It is conceivable that any learning developed would be more appropriate for the learner (Chickering and Gamson, 1987; Chickering and Gamson, 1999), due to the fact that the learning is matched to the learner, rather than the learner matched to the learning (Egan and Gibb, 1997). This now focuses on matching the knowledge to outcomes to learner development – rather than make the brash assumption that all learners are the same and that it isn’t the training that is problematic, but the learners (Kreber, 2001). Also, the learning (if associated with a higher level from either the cognitive or affective domain) can be much more experiential by design.

Evaluation or Assessment of Learning

Extending this model further, the types of assessment or evaluation would be grounded both in the type of knowledge, and the appropriate level of student development (Paris, Cross, and Lipson, 1984; Vince, 1998). Declarative knowledge models would be evaluated using a non-performance methodology, simply because this is at the lower end of Bloom’s cognitive taxonomy (Bloom, Engelhart, Furst, Hill, and Krathwohl, 1956) (Knowledge, Comprehension, and possibly Application) Procedural would be evaluated using a performance-based methodology, relating to the upper end of Bloom’s taxonomy (Application, and perhaps Synthesis and/or Evaluation). And finally, conditional or contextual would be evaluated using a simulation, and this would fall in line with Krathwohl’s affective domain taxonomy (Krathwohl, Bloom, and Masia, 1964) (Organization).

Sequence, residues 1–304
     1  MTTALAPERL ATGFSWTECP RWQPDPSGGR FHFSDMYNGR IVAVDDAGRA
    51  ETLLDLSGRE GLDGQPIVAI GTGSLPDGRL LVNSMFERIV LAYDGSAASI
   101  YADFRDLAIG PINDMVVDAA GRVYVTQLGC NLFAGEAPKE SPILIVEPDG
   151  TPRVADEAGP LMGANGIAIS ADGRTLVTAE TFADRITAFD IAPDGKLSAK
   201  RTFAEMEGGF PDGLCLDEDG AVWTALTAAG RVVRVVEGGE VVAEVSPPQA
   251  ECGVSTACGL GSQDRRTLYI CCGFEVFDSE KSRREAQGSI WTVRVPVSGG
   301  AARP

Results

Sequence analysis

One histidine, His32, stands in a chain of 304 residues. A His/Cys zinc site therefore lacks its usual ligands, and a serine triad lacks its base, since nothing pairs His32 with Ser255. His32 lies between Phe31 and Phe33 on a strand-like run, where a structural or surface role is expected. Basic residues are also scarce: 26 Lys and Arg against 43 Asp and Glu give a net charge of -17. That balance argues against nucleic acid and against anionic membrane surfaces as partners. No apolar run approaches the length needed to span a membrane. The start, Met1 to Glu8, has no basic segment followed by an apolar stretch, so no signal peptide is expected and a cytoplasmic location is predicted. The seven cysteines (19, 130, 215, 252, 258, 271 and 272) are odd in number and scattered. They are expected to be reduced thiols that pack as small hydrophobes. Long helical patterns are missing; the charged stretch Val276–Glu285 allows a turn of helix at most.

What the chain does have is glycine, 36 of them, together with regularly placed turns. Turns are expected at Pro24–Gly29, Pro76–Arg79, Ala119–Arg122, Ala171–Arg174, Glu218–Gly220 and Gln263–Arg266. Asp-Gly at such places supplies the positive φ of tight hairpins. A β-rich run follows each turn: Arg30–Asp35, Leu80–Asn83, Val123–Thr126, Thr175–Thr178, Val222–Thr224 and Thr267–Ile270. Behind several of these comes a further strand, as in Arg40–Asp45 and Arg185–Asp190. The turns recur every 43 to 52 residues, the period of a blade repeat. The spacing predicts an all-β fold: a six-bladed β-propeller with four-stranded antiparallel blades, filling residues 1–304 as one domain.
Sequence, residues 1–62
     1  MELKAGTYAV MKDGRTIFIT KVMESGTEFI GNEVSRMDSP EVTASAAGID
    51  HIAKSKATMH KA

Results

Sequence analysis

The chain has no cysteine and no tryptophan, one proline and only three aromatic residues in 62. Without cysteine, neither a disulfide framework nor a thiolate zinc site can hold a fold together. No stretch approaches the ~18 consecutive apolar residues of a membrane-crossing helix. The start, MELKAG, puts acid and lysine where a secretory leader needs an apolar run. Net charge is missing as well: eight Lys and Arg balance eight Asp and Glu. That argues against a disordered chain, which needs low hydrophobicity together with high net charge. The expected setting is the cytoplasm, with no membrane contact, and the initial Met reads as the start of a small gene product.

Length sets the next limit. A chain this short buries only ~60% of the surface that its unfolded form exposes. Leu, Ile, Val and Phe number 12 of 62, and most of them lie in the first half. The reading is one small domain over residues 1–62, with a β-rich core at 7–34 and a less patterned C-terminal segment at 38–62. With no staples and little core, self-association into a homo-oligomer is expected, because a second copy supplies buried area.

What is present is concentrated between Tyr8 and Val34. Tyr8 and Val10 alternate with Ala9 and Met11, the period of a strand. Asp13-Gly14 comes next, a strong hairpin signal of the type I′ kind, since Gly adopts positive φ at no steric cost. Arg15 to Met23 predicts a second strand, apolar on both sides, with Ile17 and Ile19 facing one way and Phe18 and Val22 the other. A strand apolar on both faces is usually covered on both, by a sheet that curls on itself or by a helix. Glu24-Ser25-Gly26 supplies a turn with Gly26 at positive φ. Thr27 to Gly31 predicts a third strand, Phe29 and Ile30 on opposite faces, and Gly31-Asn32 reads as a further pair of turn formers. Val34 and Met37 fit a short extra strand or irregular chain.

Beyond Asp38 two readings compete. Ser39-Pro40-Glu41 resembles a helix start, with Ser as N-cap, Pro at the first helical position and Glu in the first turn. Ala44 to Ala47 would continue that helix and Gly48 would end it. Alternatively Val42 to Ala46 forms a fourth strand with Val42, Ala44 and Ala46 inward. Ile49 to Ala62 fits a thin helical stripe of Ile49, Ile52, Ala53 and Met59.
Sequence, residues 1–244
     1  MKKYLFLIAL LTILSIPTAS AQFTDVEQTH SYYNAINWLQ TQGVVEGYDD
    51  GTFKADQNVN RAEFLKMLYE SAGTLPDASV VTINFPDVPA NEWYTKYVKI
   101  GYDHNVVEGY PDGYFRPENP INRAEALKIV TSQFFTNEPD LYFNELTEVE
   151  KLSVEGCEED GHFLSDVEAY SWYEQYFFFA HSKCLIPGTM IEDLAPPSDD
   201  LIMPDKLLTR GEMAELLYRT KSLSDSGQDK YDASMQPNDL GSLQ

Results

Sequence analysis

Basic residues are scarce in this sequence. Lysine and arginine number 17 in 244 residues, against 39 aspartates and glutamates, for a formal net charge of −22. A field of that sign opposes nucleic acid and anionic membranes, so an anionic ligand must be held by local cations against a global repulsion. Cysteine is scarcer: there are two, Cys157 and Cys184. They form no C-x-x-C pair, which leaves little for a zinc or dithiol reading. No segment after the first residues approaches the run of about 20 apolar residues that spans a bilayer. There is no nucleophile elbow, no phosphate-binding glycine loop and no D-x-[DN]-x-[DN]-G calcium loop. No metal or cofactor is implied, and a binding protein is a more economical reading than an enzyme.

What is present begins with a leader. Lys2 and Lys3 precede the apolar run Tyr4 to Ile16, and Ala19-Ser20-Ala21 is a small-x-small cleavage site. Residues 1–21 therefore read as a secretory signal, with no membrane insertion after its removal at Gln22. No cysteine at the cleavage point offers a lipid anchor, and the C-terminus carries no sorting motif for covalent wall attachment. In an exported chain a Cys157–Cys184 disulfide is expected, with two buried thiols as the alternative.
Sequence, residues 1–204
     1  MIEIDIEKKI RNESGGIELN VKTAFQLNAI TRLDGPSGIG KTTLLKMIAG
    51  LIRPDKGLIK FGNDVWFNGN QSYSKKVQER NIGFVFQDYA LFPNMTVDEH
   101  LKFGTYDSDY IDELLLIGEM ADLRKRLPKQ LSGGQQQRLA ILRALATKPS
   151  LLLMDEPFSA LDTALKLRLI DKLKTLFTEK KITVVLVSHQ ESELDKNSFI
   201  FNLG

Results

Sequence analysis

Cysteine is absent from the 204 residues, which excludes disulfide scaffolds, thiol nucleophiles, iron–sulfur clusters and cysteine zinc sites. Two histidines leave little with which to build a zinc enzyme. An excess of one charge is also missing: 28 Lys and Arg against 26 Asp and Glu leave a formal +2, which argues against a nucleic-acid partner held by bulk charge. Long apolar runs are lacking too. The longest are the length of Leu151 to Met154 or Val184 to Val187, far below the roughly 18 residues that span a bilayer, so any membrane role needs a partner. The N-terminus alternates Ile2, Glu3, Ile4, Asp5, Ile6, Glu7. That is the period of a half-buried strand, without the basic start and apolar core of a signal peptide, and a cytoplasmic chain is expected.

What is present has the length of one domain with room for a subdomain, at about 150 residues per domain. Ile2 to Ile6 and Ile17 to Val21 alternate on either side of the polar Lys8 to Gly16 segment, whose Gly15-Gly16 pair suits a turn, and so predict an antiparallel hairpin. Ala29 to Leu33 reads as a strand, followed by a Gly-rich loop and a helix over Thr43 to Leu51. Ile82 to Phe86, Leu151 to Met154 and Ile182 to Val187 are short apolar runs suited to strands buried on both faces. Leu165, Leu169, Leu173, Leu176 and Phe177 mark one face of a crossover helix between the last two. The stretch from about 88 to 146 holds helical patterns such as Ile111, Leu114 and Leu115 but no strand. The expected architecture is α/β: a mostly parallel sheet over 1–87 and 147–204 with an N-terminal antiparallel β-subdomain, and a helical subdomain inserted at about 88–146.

What makes this methodology appropriate is the focus is returned to the student (Chickering and Gamson, 1987; Chickering and Gamson, 1999; Egan and Gibb, 1997), and it is centered on the nature of knowledge, the developmental stages of the learner (Baxter-Magolda, 1992), and learning outcomes (Vince, 1998). This model moves these elements to a primary place in the instructional design process. And, while this may appear to also be somewhat linear, it is branched, including many of the variables (instructional strategies, learner analysis, evaluation methods) into a singular unit, where each has a direct effect on the other.